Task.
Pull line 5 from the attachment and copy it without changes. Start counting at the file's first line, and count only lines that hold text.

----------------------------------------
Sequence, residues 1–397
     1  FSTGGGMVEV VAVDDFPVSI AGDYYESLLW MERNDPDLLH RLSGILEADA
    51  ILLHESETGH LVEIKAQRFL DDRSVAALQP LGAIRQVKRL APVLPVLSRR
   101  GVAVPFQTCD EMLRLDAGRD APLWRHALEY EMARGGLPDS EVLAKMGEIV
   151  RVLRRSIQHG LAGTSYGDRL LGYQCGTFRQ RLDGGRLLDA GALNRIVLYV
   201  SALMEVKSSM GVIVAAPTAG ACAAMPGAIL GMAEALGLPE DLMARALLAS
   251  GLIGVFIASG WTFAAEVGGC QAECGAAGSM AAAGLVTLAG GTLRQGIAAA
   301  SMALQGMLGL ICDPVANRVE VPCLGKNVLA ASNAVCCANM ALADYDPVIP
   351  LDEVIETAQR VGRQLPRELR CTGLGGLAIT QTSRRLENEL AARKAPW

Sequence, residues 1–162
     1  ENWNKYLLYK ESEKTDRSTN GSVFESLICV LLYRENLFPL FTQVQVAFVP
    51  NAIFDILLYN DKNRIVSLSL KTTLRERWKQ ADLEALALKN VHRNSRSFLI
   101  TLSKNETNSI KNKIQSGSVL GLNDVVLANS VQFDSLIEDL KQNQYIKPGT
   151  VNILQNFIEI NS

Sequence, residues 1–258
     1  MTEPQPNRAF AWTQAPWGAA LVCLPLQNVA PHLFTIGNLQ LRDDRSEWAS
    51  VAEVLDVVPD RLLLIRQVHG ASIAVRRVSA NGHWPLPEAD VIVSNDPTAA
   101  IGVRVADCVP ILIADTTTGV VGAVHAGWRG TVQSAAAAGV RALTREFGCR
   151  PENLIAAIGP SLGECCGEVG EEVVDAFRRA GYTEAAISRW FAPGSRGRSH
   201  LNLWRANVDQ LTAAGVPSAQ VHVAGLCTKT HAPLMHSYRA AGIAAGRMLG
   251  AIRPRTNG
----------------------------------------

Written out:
   151  RVLRRSIQHG LAGTSYGDRL LGYQCGTFRQ RLDGGRLLDA GALNRIVLYV